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Country Briefs

  Democratic Republic of the Congo

Reference Date: 27-June-2017

FOOD SECURITY SNAPSHOT

  1. Overall, favourable vegetation conditions for secondary 2017 season crops

  2. Inflation rates forecast to slightly increase in 2017

  3. Food prices at high levels in eastern and southern parts of the country

  4. Serious humanitarian situation in eastern and southern provinces due to persisting civil conflict

Overall, favourable vegetation conditions for secondary 2017 season crops

Harvesting of the second season maize crop is about to start in the northern provinces of Equateur and Oriental, while it is almost complete in the centre and in the south. Overall, rainfall was adequate and well-distributed during the cropping period resulting in favourable vegetation conditions in most cropping areas, as reported by FAO satellite-based Agricultural Stress Index (ASI).

Inflation rates forecast to slightly increase in 2017, food prices remain at high levels in eastern and southern provinces

Inflation, which stood at 46 percent in 2009, fell to 1 percent in 2013 and remained stable at this level in 2014 and 2015 as a result of the implementation of economic reforms and tighter fiscal and monetary policies. In 2016, inflation rates are estimated to have slightly increased to 1.7 percent due to a relatively strong economic growth and a loosening fiscal policy which boosted domestic demand. In 2017, inflation rates are forecast to continue to grow to about 2.7 percent.

In Goma market, located in the northeastern North-Kivu Province, prices of cassava flour, the main staple in northern and central areas, declined between August and October by 10 percent. Subsequently, prices increased by 19 percent between October and January, when they were still 38 percent higher than 12 months earlier. In March 2017, cassava prices increased by 7 percent compared to February 2017.

In Lubumbashi market, located in the southern Haut Katanga Province, prices of maize, the main staple in southern areas, have been highly volatile since early 2016. In February 2017, maize prices peaked and were 143 percent higher than 12 months earlier, mainly due to reduced imports from neighbouring Zambia. The Zambian border was re-opened during the peak of the maize harvest resulting in an increase in supplies and downward pressure of food prices despite the continued depreciation of the local currency against the US dollar. In March 2017, maize prices decreased by 11 percent compared to February 2017.

Humanitarian situation remains serious in eastern and southern provinces due to persisting civil conflict

The escalation of the civil conflict since 2013, especially in eastern and southern provinces, severely disrupted local livelihood systems and caused massive population displacements. As of May 2017, the IDP caseload was estimated at 3.7 million, of which more than 1.3 million are in the Kasai Region.

A significant portion of IDPs is hosted by local families and communities, putting added strain on their limited resources with the high risk to further push them into unsustainable coping mechanisms and livelihood strategies. Moreover, as of late April 2017, the country hosts 103 000 refugees from the Central African Republic, 71 000 from South Sudan and 37 000 from Burundi.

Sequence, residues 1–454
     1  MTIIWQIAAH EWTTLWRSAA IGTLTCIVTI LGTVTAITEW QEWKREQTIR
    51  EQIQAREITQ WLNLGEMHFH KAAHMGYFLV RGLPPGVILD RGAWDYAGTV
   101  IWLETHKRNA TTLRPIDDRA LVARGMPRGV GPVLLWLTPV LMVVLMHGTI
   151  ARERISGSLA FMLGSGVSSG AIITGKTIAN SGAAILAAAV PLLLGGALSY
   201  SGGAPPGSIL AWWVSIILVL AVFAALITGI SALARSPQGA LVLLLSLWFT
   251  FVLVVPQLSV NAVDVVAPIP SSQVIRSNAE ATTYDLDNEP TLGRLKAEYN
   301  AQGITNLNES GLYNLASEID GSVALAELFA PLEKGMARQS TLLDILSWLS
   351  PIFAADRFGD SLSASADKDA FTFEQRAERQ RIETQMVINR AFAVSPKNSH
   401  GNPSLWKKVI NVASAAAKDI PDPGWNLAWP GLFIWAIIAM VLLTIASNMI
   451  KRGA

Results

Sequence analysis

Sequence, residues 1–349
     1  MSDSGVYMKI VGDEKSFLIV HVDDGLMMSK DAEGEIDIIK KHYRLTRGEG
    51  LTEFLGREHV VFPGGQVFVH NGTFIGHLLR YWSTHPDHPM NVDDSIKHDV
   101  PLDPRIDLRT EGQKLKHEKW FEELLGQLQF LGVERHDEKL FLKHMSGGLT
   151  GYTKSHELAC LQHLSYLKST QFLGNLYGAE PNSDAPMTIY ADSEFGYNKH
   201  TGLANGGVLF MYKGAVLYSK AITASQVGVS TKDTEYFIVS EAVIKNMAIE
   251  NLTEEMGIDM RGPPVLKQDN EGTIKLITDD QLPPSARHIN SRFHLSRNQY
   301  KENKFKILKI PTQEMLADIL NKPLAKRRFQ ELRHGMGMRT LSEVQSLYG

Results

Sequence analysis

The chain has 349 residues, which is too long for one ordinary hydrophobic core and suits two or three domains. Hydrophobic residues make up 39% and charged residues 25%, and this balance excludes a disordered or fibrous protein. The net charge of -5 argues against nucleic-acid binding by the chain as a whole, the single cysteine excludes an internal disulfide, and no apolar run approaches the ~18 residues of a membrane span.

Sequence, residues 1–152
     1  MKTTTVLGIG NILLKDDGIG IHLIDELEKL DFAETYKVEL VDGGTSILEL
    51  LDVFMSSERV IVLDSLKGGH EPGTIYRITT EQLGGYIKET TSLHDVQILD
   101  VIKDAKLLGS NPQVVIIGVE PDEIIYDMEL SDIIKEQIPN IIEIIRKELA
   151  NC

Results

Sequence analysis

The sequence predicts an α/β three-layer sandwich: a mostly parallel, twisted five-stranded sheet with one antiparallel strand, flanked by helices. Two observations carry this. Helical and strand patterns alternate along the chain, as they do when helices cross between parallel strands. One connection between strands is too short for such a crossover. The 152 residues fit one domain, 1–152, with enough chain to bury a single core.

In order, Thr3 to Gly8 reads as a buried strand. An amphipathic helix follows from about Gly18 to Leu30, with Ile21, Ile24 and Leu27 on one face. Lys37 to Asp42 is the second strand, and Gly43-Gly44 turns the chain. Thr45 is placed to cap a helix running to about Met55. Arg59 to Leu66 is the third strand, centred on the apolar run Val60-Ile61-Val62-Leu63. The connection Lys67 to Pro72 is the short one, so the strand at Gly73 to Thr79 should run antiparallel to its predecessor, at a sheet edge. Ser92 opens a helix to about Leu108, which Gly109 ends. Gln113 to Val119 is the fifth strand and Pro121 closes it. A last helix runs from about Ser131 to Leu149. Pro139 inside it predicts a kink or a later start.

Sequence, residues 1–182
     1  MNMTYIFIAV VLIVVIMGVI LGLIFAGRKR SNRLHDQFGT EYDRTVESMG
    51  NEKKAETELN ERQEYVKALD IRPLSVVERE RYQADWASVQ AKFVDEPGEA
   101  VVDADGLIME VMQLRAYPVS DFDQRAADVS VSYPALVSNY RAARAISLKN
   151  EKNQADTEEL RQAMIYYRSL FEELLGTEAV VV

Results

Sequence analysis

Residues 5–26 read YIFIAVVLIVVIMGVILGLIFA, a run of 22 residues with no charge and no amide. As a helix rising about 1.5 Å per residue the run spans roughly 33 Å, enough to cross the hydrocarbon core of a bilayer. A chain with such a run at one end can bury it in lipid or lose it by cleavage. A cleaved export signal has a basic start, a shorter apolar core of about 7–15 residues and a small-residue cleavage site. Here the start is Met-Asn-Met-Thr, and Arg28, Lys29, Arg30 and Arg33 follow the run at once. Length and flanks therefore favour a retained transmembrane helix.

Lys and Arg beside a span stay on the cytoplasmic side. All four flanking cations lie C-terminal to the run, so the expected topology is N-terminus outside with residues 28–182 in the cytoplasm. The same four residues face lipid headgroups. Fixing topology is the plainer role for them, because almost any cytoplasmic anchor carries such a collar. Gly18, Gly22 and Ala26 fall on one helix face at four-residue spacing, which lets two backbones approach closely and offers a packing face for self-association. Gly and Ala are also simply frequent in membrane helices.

According to the latest available IPC analysis, conducted in June 2016, the number of people in acute food insecurity and livelihood crisis (IPC Phase 3: “Crisis” and IPC Phase 4: “Emergency”) was estimated at about 5.9 million, nearly 10 percent less than a year earlier, due to a relative improvement in the security situation in the conflict-affected Tanganyika, Sud-Kivu, Nord-Kivu, Maniema and Ituri provinces, where more than half of the total national food insecure population reside. However, armed clashes in late October-early November 2016 in the Dibaya Territory (Kasaï Central Province) caused the destruction of standing crops and food stocks and affected about 100 000 individuals, thus bringing the food insecure total caseload to 6 million.

In the framework of the 2017-2019 Humanitarian Action Plan, FAO is expected to assist 2.1 million people (about 350 000 households), mainly residing in North-Kivu, South-Kivu, Ituri, Haut Uélé, Maniema, Tanganyika, Bas Uélé, North-Ubangi and South-Ubangi provinces.

The main activities include:

  1. Support to food production through agricultural, fishing and livestock rearing input distributions.

  2. Cash-for-work activities.

  3. Promotion of income-generating activities, particularly for vulnerable women.

  4. Strengthening household resilience through the implementation of the “Caisses de Résilience”, a community-centred approach which brings together sustainable agricultural practices, improved access to credit and strengthened social cohesion through farmers’ group and women’s associations.

Disclaimer: The designations employed and the presentation of material in this information product do not imply the expression of any opinion whatsoever on the part of FAO concerning the legal status of any country, territory, city or area or of its authorities, or concerning the delimitation of its frontiers or boundaries.